Here’s how Benjamin Franklin put it:
“No European who has tasted Savage life can afterwards bear to live in our societies.”
He also wrote,
When an Indian Child has been brought up among us, taught our language and habituated to our Customs, yet if he goes to see his relations and make one Indian Ramble with them, there is no persuading him ever to return, and that this not natural [to them] merely as Indians, but as men, is plain from this, that when white persons of either sex have been taken prisoners young by the Indians, and lived a while among them, tho’ ransomed by their Friends, and treated with ah imaginable tenderness to prevail with them to stay among the English, yet in a Short time they become disgusted with our manner of life, and the care and pains that are necessary to support it, and take the first good Opportunity of escaping again into the Woods, from whence there is no reclaiming them.
These descriptions are common. Cadwallader Colden wrote in 1747 of whites captured by Indians,
No Arguments, no Intreaties, nor Tears of their Friends and Relations, could persuade many of them to leave their new Indian Friends and Acquaintance[s]; several of them that were by the Caressings of their Relations persuaded to come Home, in a little time grew tired of our Manner of living, and run away again to the Indians, and ended their Days with them. On the other Hand, Indian Children have been carefully educated among the English, cloathed and taught, yet, I think, there is not one Instance that any of these, after they had Liberty to go among their own People, and were come to Age, would remain with the English, but returned to their own Nations, and became as fond of the Indian Manner of Life as those that knew nothing of a civilized Manner of living.
At prisoner exchanges, Indians would run joyously back to their families, while white captives had to be bound hand and foot to not run back to their captors.
Faced with these desertions, faced with these other cultures holding something “far superior to be boasted of among us," one reasonable action would have been to simply accept the desertions. Another would have been to make one’s own way of life more like these others, to make one’s own culture so attractive the desertions would stop. Of course those are not the choices followed. The choice has been and continues to be to eliminate the options, to exterminate these indigenous others and to steal their land.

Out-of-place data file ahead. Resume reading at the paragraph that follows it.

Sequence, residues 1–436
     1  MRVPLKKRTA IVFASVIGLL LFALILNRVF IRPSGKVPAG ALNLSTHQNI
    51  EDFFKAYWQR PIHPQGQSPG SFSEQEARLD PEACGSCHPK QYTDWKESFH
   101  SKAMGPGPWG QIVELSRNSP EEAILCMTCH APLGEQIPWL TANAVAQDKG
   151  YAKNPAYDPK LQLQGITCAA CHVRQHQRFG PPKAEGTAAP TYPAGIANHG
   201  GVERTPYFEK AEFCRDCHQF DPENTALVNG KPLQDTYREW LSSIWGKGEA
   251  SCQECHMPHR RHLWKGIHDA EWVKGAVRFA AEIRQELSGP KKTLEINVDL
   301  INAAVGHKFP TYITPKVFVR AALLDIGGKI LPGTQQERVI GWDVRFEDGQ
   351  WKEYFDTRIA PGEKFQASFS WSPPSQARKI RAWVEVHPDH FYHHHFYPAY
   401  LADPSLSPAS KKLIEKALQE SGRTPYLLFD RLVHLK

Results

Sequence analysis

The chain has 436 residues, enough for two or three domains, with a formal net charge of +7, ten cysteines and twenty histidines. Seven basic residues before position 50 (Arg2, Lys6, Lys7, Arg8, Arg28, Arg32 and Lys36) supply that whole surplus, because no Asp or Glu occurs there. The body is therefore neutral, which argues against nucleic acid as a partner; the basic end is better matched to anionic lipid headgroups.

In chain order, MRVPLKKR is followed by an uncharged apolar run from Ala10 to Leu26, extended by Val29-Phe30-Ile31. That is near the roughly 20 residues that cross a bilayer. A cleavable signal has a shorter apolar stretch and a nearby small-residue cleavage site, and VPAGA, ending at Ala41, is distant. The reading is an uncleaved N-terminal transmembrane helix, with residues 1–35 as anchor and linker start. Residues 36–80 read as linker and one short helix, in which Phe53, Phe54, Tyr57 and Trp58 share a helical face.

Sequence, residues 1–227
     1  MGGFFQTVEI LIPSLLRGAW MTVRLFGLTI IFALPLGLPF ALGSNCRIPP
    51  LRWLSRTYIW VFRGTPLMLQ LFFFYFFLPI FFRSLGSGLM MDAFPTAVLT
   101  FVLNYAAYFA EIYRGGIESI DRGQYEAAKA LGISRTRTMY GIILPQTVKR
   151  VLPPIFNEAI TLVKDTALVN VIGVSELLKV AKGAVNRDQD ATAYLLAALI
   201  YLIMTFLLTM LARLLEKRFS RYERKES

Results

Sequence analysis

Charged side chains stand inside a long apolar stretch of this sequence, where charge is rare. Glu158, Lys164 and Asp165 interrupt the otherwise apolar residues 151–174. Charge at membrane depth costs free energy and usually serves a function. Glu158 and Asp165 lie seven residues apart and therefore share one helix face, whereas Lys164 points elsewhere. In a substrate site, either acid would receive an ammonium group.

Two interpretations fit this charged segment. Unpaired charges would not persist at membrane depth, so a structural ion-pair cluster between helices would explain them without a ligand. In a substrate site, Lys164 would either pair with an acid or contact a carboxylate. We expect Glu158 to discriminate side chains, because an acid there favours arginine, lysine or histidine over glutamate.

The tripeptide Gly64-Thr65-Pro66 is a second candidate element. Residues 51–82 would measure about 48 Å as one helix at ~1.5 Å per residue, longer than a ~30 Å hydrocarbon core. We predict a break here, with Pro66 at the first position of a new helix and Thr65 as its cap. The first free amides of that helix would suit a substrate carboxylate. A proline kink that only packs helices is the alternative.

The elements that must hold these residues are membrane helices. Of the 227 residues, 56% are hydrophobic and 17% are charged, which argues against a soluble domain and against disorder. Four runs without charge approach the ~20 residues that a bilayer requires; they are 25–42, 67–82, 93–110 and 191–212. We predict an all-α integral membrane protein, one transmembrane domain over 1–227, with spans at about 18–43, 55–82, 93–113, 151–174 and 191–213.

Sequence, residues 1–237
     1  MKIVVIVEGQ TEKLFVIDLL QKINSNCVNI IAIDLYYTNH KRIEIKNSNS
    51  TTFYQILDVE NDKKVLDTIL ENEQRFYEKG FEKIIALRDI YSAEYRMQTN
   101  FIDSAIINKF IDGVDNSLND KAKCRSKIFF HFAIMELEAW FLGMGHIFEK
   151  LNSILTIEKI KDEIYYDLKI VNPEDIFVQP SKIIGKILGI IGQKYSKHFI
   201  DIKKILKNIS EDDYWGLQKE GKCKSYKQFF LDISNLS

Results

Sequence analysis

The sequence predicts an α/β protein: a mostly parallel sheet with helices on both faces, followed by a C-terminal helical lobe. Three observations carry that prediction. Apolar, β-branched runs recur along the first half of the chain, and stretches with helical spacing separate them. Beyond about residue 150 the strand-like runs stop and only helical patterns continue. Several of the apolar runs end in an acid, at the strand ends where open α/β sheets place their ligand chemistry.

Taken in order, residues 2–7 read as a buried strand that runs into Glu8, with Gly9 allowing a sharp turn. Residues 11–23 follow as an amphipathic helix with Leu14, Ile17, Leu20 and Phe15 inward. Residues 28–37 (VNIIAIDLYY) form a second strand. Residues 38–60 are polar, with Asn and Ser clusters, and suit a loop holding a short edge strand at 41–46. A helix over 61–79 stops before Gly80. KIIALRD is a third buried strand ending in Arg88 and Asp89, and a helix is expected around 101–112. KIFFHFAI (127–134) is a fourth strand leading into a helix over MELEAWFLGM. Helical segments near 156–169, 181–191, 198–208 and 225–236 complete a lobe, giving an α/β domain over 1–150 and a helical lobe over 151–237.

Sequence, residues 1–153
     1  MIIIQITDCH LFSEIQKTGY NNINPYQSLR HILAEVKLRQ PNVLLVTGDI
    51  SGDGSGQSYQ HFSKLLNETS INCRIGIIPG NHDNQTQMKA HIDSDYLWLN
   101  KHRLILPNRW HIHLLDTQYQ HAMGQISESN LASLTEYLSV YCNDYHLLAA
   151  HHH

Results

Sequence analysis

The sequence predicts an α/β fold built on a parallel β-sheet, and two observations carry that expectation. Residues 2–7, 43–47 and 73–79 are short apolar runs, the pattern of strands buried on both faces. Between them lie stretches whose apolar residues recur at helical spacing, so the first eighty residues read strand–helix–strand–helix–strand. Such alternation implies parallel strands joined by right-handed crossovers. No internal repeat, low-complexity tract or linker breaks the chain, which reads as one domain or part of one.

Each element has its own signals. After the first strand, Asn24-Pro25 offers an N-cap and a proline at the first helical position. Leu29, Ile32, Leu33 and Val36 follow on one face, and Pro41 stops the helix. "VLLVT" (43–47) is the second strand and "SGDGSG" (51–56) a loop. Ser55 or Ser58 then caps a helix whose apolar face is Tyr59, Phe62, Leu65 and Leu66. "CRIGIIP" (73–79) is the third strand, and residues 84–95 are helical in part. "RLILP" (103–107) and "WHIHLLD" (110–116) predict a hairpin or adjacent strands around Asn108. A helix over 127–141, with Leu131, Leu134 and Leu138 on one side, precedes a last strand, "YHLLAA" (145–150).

More of the nonrationality that characterizes this culture: right now the various world governments spend more money to subsidize the world’s commercial fishing fleets than the total value of the catch. Taxpayers the world over pay to vacuum the oceans.
And more: right now the U.S. spends well over a billion dollars a day on the military: that is, to kill people. A billion dollars could pay for five million Third-World children to attend school for a year. For what the US spends to kill people in five days, potable water could be provided to every human on the world who lacks it. Excluding land acquisition, the US government spends less on recovery efforts for all endangered species than it spends on the military in twelve hours.
More unreasonableness. Study after study reveals that within this culture one out of every four women is raped within her lifetime and another nineteen percent fend off rape attempts. The women I know say these figures are much higher, approaching unity. What does this say about the rationality or reasonableness of this culture? Rape is not reasonable or rational, no matter what stories rapists may tell themselves to justify it. Similarly, killing the planet is not reasonable or rational, no matter what stories people may tell themselves to justify it. Changing the climate is not reasonable or rational. Destroying ways of life that have been in place for thousands or tens of thousands of years is not reasonable or rational.
Or perhaps, from a certain perspective, these are ail rational. The psychiatrist R.D. Laing made the point that if you can understand people’s experience you can understand their behavior: people act according to their experience of the world. So far, so good. But what does it say about those in power that their experience of the world could lead them to ceaselessly seek for new others to exploit?